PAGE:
When is it okay to call yourself a writer?

First of all, LOOK!  One Crafty Lady went and got herself a facelift… er… a new free theme (!).  What do you think of my new digs?

I thought I’d celebrate the recent crossing of 100 posts on the blog (this one here is 110) by dressing her up in fancy new clothes and offering my reflections on the journey to becoming the writer I am today.

Pondering a post. Just another day in the office…

I first started writing online in 2009 while I was finishing up my masters degree in Kinesiology.  I was creating static content for Art Intercepts, but began dabbling in blogging to express more opinion-based topics that I wanted to discuss with other dancers.  I kept a little private blog between myself and my friend Erin as we traversed life, and One Crafty Lady was born upon her moving to Africa to work for the Peace Corps.

Even though I’ve been writing ever since, I didn’t really start calling myself “a writer” until this summer.  I guess I didn’t feel like I could because writing has generally been a hobby, an extra-curricular, something I do for fun.  People that play volleyball in their spare time can’t exactly call themselves “volleyball players” on their Linked-In profiles, right?

Over the past three years I’ve gone through four blogs (not including the two I have now), a couple hundred posts, and about 600 tags.  I’ve also created 3 columns on other sites (with a fourth pending), 2 magazine articles, and a gaggle of guest posts.  It feels really weird getting pitches from other writers and publications; it feels even weirder when you find out you’ve been added to someone’s press list.

You mean, people care enough about what I have to say to send me their press releases?  How cool is that?!?  I’ve either created a reputation of “crazy and incapable of saying no”, or I am now doing professionally what I like to do personally.

Isn’t that kind of everyone’s dream?  

Writing has become an important aspect of my voice in the dance community, my professional life at UIC (each of my 300 students is required to keep a fitness “blog” on our internal class site), and my personal life.  What started out as a hobby is now a huge part of who I am and what I do, regardless of whether or not I get paid.  Because writing permeates all those other aspects of my life, I guess I kind of AM getting paid – essentially.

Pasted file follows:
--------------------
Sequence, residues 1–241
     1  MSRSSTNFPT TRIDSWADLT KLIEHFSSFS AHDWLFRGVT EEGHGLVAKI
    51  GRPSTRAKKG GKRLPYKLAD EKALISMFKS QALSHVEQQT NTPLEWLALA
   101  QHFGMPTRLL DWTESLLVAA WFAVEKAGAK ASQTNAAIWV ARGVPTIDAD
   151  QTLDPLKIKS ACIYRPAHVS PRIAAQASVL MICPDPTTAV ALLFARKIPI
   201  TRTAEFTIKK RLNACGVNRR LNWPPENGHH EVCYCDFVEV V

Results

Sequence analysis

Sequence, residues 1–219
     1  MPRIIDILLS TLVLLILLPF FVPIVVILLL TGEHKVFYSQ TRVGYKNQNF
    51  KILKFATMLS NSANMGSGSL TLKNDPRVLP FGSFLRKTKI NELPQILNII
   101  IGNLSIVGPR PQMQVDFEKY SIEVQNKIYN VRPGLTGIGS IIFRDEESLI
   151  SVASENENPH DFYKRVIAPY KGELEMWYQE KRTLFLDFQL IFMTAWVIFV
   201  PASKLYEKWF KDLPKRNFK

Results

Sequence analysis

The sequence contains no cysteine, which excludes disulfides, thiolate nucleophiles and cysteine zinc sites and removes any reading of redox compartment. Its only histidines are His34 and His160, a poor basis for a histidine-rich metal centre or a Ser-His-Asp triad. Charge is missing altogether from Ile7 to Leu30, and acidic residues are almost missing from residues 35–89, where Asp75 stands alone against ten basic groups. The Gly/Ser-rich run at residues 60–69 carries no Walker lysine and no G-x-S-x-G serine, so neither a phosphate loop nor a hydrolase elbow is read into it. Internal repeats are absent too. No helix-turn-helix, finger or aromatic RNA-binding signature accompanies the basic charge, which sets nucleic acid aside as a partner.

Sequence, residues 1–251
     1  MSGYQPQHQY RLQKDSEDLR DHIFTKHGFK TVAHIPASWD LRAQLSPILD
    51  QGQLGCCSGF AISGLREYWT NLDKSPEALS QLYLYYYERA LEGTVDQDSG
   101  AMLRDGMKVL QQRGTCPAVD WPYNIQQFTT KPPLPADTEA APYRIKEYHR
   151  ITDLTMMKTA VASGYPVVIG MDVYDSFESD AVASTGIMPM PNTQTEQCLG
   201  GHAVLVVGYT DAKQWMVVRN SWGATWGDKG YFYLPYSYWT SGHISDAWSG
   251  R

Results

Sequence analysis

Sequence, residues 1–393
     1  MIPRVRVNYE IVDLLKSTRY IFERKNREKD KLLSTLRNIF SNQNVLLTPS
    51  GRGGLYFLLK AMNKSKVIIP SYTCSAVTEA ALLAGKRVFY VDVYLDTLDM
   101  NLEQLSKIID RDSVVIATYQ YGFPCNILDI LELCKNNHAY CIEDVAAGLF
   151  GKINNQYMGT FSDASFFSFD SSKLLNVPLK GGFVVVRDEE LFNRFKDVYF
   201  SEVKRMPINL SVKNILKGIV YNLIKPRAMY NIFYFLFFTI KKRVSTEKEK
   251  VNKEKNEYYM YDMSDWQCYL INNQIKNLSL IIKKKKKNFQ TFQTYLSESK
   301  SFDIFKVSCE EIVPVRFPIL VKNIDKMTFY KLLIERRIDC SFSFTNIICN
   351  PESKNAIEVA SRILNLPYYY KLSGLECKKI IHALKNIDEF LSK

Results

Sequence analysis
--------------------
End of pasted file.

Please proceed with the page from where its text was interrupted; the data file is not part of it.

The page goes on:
I’m embarking on two rather big projects: one with friends and collaborators in the blogging community and one on my own.  Starting these (yet to be announced) projects, in conjunction with presenting at Dance/USA with a panel of dance bloggers this summer sealed the deal.

I’m a writer.

When is it okay to give yourself the title of writer?  When you have the confidence to own it.

…and I do.

5 thoughts on “When is it okay to call yourself a writer?”

  1. It’s strange, I never really considered calling myself a writer – despite my blog having over 1000 posts on it and many articles published elsewhere, an erotic story in an anthology and a small book on Kindle – until one of my (online) friends told me I should call myself a writer. I guess it’s a sort of inner click that you need. There are so many other things we want to be – traveler, student, lover, whatever – that the real person needs pointing out by someone else.

    1. Viki, I can completely relate. Ultimately, we are only writers if we are willing to call ourselves out, but sometimes someone else has to first! Thanks for reading and sharing, LW

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